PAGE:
Most bug tracking systems accumulate feature requests along with defect reports. The next time I set up a tracking system, I’m going to add a “wouldn’t it be nice if” (WIBNI) category to distinquish between the nifty ideas that developers dream up and the features that customers actually ask for.
There are good reasons for implementing both types of features, but unless you keep the distinction visibile (and the decisions about how much of each to do deliberate), you might find yourself accidentally putting out a release with nothing but internally generated features. There might be some customer value in that, but navel gazing can be a risky strategy.
Today I tackled a data munging problem that had been festering on my To Do list for several weeks. The problem was blocking other, more pleasant work, and was contributing to my having a foul mood.
The problem involved reworking 121 HTML documents to hoist content out of a table and then discard the table structure along with some other content. Editing the documents by hand would have been both exhausting and error prone (25 documents? Maybe. 121? No thanks). There were enough slight variations in the documents to make writing editor macros tricky. It could have been done in multiple passes, but that’s error prone with that many documents.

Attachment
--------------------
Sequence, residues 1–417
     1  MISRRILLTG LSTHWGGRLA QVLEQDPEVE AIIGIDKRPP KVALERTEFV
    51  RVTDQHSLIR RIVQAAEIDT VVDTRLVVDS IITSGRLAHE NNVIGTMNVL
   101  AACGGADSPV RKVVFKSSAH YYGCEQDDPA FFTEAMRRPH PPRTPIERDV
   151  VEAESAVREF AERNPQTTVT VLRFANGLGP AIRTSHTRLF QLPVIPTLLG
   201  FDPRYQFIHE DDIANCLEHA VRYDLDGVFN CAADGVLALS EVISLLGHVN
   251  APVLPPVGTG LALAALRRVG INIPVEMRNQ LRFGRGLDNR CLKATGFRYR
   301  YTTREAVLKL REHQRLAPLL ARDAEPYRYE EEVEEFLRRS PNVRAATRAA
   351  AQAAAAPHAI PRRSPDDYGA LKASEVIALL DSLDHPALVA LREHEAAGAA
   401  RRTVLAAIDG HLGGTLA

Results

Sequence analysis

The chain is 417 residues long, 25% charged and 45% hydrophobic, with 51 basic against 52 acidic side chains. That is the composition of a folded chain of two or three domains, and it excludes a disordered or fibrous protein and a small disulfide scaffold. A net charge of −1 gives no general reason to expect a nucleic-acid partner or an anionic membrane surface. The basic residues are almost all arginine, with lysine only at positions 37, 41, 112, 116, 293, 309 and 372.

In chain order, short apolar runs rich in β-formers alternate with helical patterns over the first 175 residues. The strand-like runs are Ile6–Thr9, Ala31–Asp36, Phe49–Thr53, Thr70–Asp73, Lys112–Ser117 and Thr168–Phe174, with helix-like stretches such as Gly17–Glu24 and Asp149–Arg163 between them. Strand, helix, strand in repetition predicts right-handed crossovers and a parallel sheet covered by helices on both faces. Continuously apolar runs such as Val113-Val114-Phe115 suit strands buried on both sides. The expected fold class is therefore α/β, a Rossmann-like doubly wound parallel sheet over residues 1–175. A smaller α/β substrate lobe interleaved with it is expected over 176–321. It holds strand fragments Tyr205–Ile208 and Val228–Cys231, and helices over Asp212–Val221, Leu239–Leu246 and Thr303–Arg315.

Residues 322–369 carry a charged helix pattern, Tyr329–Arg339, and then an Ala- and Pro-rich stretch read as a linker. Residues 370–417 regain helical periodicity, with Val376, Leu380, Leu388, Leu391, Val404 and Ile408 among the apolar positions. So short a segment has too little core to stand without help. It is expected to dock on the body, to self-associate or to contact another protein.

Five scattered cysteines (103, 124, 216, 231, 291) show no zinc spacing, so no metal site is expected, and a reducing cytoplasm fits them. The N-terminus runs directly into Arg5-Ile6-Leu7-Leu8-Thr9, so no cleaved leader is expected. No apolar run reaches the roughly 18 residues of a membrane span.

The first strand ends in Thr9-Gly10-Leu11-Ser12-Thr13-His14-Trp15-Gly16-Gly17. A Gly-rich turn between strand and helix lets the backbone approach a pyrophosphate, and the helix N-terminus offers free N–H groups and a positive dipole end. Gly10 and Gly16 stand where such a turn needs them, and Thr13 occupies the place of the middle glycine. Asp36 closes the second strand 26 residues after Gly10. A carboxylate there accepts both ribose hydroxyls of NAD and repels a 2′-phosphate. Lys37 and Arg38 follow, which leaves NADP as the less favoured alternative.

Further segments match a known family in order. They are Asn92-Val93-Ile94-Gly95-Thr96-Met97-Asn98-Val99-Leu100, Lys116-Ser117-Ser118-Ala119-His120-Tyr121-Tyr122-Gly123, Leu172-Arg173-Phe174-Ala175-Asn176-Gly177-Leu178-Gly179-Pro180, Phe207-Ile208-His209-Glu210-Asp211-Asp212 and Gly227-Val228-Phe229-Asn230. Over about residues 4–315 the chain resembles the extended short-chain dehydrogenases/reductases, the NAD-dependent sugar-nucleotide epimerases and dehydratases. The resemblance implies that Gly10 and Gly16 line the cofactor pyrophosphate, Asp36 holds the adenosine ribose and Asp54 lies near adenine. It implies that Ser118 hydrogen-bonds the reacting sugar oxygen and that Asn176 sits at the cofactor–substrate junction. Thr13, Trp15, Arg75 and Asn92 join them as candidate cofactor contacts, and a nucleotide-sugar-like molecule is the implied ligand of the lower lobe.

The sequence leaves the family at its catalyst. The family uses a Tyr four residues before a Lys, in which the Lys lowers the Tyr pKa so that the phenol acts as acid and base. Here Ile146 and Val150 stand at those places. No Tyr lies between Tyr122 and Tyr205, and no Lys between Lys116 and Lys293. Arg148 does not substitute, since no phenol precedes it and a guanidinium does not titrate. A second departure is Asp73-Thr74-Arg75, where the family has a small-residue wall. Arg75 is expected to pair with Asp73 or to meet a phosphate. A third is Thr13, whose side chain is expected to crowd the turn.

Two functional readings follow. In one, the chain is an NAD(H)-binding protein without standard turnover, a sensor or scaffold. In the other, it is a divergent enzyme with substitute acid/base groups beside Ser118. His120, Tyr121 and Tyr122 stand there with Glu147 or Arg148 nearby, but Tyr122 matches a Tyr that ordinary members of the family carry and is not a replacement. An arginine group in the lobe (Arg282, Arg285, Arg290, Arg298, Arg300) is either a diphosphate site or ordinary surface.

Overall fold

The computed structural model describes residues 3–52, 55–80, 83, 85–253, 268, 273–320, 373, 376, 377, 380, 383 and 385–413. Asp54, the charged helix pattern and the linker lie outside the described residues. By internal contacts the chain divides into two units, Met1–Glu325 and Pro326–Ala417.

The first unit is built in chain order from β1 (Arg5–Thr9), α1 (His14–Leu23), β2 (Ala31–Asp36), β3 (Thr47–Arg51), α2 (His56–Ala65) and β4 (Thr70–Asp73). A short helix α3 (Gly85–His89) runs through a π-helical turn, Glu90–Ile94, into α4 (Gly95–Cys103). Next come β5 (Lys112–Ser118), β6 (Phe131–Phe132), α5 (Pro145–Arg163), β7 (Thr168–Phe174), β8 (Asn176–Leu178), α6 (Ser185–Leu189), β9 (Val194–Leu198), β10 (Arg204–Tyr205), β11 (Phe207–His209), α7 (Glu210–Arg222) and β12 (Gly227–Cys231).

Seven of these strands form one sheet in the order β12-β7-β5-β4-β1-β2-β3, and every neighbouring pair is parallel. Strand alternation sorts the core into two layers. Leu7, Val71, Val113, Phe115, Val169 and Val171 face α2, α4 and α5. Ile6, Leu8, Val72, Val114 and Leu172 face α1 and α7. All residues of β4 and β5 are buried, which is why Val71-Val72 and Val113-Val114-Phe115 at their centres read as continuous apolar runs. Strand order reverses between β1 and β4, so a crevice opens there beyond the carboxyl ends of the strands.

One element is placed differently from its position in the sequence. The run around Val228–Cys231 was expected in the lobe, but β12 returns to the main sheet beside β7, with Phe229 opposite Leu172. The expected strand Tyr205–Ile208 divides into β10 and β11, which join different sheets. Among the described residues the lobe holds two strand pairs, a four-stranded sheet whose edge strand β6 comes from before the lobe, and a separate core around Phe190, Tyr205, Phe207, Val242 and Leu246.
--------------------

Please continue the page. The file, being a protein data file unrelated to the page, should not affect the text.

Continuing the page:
This was essentially a tree rewriting problem, so XSLT would seem to be a good tool to reach for. Unfortuntely, the documents were non-well-formed pre-XHTML. (Many of the files has passed through Adobe GoLive, which produces some… uh, interesting HTML.) Was it worth taking the time to convert to XHTML? Tempting, but not in this case.
I ended up using Perl and HTML::TokeParser to tokenize the documents. A simple “keep tokens until we see a <table> tag, discard it, and keep discarding until we see… and then keep tokens until…” state machine was quick to code up and test, and ran so fast that at first I thought there had to be a bug. Converting the tokens back to HTML let me clean up some of the damage that GoLive had done.
Perl has long been my tool of choice for problem like this, though lately I’ve been spending most of my evening programming time with Ruby. It’ll be interesting to see if or when Ruby supplants Perl for problems like this one. My knowledge of Ruby’s libraries outside of those needed for Rails work is still meager, and my bag of Perl tricks is pretty big. I’m guessing it’ll be another year.
I’m gearing up to hoist this site off its foundation and plop it down on a new one. Those of you reading along via an RSS reader should see little difference.
Rails creates empty directories, CVS throws them away. Unhappiness ensues.
CVS likes to cull empty directories. Try it. Create a new Rails project, import it into CVS, and check it out again. Empty directories have gone away.
Unfortunately, rake stats gets really unhappy when directories like app/apis have gone missing.
Another nudge towards Subversion.